The movie is about a kid who becomes a spider dude. Andrew Garfield as PETER PARKER. Emma Stone as GWEN STACY. Rhys Ifans is THE LIZARD DOCTOR CURT CONNERS and he is also a CGI. That is so he can be a Lizard. Martin Sheen is UNCLE BEN and he does a good job talking about how Peter can be good, and I liked him so it was bad that he got killed. Campbell Scott is RICHARD PARKER who is Peter’s father, and he has a mother named Mary too. They are gone when he is young because they are killed by somebody, and Peter is SAD.
The movie is a little funny and scary.
It was on blu-ray and it sounded really good.
I like it a lot. The movie made me think I would be like him. It made me learn that being a hero. We know Richard Parker made the spider that turned Peter Parker in to Spider man. It is a very good movie. I like the Lizard and he has A BIG BALD HEAD.
That is great.”
That’s right, Ebert. Someone’s gunning for your Pulitzer, and his name is Toshi.
More than anything, it seemed like the two films ended up blurring into one big Spider-Man themed weekend for them, and in the conversations we’ve had since, it’s obvious that there are events that they’ve got mixed up, things they thought happened in one that actually happened in the other. They’re excited to know they still have two more Maguire films to see and a new Garfield film about to start production. I figure by the time “The Amazing Spider-Man 2” rolls around, they will have managed to make sense of the two different continuities.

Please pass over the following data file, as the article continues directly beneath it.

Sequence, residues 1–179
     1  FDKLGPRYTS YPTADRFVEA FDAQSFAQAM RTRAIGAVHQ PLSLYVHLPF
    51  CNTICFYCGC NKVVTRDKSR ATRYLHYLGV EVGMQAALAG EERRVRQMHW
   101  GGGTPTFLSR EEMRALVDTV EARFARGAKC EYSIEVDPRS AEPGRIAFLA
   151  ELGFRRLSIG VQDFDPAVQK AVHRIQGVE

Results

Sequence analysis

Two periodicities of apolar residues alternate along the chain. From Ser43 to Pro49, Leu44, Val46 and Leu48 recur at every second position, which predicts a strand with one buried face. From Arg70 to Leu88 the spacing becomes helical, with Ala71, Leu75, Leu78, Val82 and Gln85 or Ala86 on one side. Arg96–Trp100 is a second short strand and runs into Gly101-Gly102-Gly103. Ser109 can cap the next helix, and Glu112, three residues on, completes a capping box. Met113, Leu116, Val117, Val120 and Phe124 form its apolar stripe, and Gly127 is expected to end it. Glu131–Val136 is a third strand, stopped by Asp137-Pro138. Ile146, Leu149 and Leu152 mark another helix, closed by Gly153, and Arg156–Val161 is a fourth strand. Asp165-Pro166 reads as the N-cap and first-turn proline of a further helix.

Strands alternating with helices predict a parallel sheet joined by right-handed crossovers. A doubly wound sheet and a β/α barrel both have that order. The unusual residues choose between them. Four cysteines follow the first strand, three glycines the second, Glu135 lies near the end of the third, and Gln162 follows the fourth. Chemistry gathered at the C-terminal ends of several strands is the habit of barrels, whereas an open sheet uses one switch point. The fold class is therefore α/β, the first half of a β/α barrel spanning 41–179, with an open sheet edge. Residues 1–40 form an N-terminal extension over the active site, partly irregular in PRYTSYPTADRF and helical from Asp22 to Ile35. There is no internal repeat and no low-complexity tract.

The most important thing about the weekend we spent with Peter Parker, though, took place the Monday morning after we watched them. I took the boys to school to drop them off, and as soon as I got the car door open, Toshi was out and on the move, running to join his classmates. I saw him swoop down on the two boys who like to run things, and he jumped over them, landing like Spider-Man in an action pose, facing the two of them.
“You know what?!” he yelled. “I’M A NERD!” Cackling, he ran off, his Batman backpack bouncing along behind him, happy as could be. He certainly is, and I couldn’t be any prouder.
“Film Nerd 2.0” is a regular feature here at Motion/Captured.